Vanderbilt Law Review

First Page



The civil commitment of mentally ill individuals presents the legal system with an intractable question: When should the law deprive someone of the fundamental right to liberty based on a prediction of future dangerousness? Advocates of both increased and decreased levels of civil commitment offer compelling case studies to help resolve the question. The former point to high profile events like the Virginia Tech shooting, in which mandatory incapacitation of the perpetrator at the first sign of mental illness could have prevented a senseless tragedy. The latter highlight the lives of individuals like Kenneth Donaldson, whose father had him committed on scanty evidence of "delusions." He was held in a mental institution for fifteen years despite the absence of proof that he posed a threat to himself or society. Cases like these demonstrate that civil commitment statutes must strike a balance that not only protects the populace from dangerous individuals but also allows harmless individuals to retain their civil rights.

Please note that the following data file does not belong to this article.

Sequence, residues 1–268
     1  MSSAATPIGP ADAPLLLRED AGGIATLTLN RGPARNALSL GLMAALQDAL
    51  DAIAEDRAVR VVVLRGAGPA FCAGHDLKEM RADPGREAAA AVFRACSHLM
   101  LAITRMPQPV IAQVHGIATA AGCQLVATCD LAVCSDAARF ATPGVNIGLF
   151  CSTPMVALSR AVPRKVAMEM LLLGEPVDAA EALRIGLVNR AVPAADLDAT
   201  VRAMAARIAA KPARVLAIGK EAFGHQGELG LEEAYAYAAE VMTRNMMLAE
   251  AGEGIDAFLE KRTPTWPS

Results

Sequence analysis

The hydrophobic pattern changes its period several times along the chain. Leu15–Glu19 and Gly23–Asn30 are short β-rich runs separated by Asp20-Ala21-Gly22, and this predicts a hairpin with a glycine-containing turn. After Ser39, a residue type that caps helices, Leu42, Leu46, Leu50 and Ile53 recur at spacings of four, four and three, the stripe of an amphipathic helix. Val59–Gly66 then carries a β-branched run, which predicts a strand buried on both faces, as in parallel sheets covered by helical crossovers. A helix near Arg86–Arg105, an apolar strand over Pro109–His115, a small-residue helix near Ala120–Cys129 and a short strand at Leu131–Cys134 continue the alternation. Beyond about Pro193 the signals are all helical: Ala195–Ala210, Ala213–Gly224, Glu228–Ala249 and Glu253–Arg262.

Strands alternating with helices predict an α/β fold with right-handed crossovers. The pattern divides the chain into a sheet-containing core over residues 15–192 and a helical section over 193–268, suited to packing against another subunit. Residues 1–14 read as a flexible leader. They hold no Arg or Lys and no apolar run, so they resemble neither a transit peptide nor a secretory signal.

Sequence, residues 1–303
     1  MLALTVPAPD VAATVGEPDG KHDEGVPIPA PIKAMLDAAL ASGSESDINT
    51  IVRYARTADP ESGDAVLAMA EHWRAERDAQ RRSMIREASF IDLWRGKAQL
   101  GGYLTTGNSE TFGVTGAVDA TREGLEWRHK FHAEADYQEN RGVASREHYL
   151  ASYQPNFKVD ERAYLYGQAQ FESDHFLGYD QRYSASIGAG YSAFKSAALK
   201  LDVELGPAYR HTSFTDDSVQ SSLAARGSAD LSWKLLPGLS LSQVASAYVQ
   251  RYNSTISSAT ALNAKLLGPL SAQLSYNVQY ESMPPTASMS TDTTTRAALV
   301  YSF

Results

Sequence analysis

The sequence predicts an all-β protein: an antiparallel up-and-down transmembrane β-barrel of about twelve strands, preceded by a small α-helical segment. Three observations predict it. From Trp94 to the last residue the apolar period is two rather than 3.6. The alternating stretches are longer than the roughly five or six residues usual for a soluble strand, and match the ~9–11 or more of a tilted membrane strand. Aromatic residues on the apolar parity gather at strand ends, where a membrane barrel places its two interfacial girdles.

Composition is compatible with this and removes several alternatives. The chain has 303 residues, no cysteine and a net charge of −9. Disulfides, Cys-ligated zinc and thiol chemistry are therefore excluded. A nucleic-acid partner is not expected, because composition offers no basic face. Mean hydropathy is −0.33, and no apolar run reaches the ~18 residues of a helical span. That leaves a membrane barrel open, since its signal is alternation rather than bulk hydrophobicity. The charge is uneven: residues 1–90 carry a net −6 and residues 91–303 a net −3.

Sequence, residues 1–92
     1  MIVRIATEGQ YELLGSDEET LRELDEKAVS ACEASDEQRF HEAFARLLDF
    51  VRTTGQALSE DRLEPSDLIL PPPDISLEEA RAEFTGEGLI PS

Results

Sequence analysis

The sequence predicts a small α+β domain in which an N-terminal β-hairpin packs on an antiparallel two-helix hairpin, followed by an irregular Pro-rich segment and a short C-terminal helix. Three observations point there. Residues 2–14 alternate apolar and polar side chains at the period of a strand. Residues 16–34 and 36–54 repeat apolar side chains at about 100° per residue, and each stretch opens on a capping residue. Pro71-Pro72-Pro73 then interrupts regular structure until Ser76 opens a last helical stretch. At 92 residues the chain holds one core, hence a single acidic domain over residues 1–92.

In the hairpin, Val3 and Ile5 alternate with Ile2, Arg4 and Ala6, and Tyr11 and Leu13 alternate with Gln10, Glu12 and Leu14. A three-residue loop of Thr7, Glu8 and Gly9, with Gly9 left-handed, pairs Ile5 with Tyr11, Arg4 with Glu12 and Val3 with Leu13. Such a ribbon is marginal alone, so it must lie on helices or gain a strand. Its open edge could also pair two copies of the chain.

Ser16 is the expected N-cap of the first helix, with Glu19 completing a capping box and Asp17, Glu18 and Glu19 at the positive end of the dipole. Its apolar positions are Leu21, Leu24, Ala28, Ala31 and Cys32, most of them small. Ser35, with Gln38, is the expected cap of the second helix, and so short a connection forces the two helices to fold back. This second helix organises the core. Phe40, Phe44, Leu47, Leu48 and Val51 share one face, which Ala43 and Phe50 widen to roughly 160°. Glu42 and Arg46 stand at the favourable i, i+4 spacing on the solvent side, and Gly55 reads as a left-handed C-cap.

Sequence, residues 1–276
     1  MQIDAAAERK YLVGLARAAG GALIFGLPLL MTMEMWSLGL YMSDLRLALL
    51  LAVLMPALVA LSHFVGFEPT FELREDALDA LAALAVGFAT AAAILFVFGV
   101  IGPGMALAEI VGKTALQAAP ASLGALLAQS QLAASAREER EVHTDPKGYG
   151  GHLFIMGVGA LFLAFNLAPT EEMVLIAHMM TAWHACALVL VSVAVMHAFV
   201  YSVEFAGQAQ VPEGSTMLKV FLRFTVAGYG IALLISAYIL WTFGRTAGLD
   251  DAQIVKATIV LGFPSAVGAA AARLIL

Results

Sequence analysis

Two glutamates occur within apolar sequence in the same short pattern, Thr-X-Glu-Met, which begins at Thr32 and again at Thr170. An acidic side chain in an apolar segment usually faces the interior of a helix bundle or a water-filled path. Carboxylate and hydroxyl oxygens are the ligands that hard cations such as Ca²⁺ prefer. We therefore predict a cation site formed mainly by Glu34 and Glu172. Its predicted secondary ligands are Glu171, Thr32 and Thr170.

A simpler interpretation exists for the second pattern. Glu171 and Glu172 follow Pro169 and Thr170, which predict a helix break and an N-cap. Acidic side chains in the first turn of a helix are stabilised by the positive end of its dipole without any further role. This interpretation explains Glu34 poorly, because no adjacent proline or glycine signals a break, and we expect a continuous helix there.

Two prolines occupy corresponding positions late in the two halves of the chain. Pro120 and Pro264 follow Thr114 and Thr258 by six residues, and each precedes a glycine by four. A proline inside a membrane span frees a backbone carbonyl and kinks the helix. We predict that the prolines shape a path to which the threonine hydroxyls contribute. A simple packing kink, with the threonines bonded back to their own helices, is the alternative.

Civil commitments cause "massive curtailment[s] of liberty." Hospitalized patients must remain within the institution, often with limited freedom inside the building. Even patients receiving outpatient treatment must report to the hospital regularly, severely restricting their liberty. Further, these patients may not have the option to refuse unwanted examinations or treatment, and their commitment period can last indefinitely. In addition to these immediate concerns, individuals who have been committed bear the social and legal stigma of past hospitalization after their release. Because involuntary civil commitment results in such a significant deprivation of liberty, its use invokes constitutional due process protections.